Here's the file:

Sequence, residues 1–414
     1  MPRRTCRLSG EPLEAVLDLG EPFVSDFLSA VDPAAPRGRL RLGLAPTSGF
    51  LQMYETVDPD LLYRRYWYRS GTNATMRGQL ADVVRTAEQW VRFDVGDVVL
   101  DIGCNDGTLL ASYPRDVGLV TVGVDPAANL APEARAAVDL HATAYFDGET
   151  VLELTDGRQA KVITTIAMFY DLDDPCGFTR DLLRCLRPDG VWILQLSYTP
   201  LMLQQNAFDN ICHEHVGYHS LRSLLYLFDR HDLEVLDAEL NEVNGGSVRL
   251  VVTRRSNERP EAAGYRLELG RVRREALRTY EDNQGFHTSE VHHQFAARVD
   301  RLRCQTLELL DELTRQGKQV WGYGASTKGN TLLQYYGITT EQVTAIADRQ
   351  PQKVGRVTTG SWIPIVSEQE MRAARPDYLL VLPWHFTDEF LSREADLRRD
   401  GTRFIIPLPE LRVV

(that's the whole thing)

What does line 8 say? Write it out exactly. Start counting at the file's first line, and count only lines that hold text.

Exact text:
   301  RLRCQTLELL DELTRQGKQV WGYGASTKGN TLLQYYGITT EQVTAIADRQ